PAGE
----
Sun, Nov 02, 2003 - Page 6 News List

California prepares for more wildfires

BREATHER Firefighters cut buffer zones as the devastating forest fires subsided, but authorities warned that they could flare up again at any time

AP , BIG BEAR LAKE, CALIFORNIA

Forestry worker David Gribas falls burnt trees on a property destroyed by fire in the community of Cedar Glen in the San Bernardino Mountains east of Los Angeles on Friday. Thousands of firefighters have been battling wildfires throughout southern California for the past week.

PHOTO: AFP

Hundreds of firefighters battling Southern California's wildfires used a break in the weather on Friday to bulldoze buffer zones around mountain communities in case the heat and fierce winds return.

"We've got a sleeping giant out there," Forest Service spokeswoman Sue Exline said.

Fog, lower temperatures and lighter winds since Thursday have helped firefighters make progress against the fires that have killed 20 people, destroyed more than 2,800 homes and burned nearly 300,000 hectares across Southern California over the past week.

The other major community still threatened was Big Bear Lake, a resort town in the San Bernardino Mountains northeast of Los Angeles. A blaze that has scorched 27,600 hectares and destroyed hundreds of homes moved to within 16km of the town, emptied out of some 15,000 people earlier in the week.

"The fire is just creeping around, not making these big runs that we had seen," Exline said.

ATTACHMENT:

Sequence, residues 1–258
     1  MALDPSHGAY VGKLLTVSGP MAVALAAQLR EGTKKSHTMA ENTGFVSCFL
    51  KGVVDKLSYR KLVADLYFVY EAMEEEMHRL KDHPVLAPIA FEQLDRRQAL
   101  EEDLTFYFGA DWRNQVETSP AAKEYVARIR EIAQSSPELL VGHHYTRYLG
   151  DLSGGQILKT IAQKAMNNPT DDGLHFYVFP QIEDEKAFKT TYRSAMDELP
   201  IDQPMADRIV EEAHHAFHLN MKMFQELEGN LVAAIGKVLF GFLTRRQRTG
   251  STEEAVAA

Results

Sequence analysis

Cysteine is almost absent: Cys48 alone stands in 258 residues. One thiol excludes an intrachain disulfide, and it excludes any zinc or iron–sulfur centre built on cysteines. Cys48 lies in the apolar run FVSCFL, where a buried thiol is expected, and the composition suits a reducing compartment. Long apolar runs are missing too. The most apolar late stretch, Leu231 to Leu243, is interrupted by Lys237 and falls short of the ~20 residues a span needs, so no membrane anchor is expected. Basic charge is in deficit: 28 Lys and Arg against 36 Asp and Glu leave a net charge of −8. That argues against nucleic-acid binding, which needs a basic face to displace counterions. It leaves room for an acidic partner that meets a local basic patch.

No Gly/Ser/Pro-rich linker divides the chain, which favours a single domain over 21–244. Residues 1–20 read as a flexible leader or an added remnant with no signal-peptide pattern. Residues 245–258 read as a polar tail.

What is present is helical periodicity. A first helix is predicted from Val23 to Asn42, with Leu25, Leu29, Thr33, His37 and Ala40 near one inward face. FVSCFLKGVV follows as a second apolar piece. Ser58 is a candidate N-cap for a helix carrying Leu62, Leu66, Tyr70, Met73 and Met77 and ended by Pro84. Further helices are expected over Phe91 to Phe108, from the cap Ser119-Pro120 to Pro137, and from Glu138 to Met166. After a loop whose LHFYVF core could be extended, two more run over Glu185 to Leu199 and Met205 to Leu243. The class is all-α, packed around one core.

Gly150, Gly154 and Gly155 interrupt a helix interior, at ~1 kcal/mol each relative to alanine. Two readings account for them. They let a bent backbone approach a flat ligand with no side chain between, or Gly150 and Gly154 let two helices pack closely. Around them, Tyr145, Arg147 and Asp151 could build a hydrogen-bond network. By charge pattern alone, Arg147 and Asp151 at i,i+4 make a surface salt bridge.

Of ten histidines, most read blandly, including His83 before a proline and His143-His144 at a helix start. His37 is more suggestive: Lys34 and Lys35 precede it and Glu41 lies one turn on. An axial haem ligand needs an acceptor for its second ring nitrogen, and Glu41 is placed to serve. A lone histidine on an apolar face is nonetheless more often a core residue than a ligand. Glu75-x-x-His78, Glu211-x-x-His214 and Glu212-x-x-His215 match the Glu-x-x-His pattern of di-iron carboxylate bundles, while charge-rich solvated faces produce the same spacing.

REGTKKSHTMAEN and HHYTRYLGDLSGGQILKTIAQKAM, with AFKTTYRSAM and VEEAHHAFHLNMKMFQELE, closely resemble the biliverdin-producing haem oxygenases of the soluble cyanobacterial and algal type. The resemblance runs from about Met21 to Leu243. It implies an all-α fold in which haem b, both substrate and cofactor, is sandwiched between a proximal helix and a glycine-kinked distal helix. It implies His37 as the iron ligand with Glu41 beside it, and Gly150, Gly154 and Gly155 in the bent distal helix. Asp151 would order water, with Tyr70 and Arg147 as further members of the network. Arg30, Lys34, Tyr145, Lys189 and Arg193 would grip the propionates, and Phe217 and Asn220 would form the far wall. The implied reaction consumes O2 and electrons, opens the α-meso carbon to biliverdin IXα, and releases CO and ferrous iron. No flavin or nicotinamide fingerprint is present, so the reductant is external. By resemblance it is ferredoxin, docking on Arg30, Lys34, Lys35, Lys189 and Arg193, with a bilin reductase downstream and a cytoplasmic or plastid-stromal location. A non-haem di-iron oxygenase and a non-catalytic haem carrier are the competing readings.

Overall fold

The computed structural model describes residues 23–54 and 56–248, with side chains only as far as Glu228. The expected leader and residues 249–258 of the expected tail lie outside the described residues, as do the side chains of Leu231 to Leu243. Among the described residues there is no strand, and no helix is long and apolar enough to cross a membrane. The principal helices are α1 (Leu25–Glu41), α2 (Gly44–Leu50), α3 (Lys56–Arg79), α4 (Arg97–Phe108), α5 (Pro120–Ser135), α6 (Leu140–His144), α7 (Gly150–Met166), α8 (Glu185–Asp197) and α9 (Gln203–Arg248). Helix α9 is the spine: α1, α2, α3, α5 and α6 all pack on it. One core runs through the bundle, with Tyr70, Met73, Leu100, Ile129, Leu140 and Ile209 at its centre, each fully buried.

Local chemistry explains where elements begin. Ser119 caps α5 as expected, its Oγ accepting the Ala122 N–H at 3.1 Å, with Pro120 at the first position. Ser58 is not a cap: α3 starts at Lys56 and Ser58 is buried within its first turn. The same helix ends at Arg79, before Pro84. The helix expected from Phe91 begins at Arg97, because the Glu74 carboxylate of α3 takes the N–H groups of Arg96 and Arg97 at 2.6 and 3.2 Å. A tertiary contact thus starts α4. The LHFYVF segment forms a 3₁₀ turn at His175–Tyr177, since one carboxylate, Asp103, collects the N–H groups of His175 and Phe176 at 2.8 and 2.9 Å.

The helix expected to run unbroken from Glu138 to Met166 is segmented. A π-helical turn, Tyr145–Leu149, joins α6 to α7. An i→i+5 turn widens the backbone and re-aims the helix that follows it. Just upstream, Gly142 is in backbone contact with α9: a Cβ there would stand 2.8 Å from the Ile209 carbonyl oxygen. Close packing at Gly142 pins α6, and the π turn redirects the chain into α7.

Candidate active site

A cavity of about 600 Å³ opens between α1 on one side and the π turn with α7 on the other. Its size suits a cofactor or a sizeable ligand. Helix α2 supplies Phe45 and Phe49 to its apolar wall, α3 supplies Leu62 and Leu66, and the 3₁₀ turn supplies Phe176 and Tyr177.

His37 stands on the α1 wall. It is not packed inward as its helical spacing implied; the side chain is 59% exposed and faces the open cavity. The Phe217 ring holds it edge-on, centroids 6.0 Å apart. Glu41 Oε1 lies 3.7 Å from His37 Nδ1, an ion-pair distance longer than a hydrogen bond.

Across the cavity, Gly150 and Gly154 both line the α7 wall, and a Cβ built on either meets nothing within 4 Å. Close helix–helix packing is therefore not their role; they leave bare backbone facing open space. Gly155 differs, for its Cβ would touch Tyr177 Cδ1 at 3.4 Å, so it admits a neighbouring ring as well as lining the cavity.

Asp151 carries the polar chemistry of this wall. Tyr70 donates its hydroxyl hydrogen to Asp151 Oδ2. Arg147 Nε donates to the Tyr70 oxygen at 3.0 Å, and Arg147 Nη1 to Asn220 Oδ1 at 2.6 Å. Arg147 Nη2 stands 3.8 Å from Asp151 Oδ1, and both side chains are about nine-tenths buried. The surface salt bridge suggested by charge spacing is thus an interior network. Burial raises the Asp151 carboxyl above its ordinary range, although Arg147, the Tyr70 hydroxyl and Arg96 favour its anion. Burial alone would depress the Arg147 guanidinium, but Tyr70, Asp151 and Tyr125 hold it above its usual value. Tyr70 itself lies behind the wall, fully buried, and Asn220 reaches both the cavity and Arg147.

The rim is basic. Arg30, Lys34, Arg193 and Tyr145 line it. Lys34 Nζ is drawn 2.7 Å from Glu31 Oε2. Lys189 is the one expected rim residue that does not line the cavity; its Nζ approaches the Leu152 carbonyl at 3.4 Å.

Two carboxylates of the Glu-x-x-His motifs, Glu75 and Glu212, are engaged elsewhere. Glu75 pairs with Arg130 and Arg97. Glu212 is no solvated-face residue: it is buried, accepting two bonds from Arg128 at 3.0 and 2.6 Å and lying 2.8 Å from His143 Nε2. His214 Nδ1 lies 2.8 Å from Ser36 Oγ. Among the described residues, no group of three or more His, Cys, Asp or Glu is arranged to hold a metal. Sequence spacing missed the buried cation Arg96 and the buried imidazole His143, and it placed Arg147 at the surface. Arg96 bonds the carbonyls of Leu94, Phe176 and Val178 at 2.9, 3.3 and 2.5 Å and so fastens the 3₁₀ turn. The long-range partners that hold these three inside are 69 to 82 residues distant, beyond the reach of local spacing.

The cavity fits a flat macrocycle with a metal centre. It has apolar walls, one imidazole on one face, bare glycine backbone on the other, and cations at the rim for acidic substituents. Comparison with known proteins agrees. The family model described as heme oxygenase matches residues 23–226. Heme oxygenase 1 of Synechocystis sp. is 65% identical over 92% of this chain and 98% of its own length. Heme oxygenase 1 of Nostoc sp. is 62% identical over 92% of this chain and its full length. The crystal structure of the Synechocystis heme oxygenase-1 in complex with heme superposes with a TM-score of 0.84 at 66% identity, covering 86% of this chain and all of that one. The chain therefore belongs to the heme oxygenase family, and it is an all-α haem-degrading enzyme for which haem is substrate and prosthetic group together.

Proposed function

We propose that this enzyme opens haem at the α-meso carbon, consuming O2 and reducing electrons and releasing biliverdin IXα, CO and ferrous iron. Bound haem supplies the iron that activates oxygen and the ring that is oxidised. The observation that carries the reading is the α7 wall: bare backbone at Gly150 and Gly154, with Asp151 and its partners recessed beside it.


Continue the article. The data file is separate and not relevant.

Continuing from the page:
But forecasters said the heat and dry desert winds that whipped the flames into infernos could return early next week, and so fire crews raced to cut nearly 50km of firebreaks to protect communities around the lake.

They cleared brush and trees from zones 30m wide to deprive the fire of fuel. The firelines were as close as 45m to some homes.

"This is an opportunity," Exline said. "We can get in there in the next 48 hours to fight the fire on our own terms, without the forces of the weather."

Meanwhile, California's biggest blaze -- a 110,000-hectare fire burning in the mountains northeast of San Diego -- was 65 percent contained, and firefighters said the threat had eased against Julian, an old Gold Rush town that is now a weekend getaway known for its apple orchards.

In all, seven fires were still burning across four counties. Winds have carried the smoke as far north and east as the Plains and the Great Lakes, as satellite images from NASA have shown.

While thousands have fled the Big Bear area, a few people stayed behind to protect their property.

Kelly Bragdon sat at the bar at the Log Cabin Restaurant, sipping a beer and watching news reports of flames blazing through the forest.

"I've got too much to lose to leave here," Bragdon said. "I don't think we're jeopardizing anybody's lives but our own, just trying to save what we've got, everything we've worked for."

Nearly 13,000 firefighters and support personnel were fighting what Governor Gray Davis said may be the worst and costliest disaster California has ever faced.

The state is spending an estimated US$9 million a day fighting the wildfires. The total cost of fighting the blazes could reach US$200 million, while the blazes take a US$2 billion toll on the California economy, state officials said.

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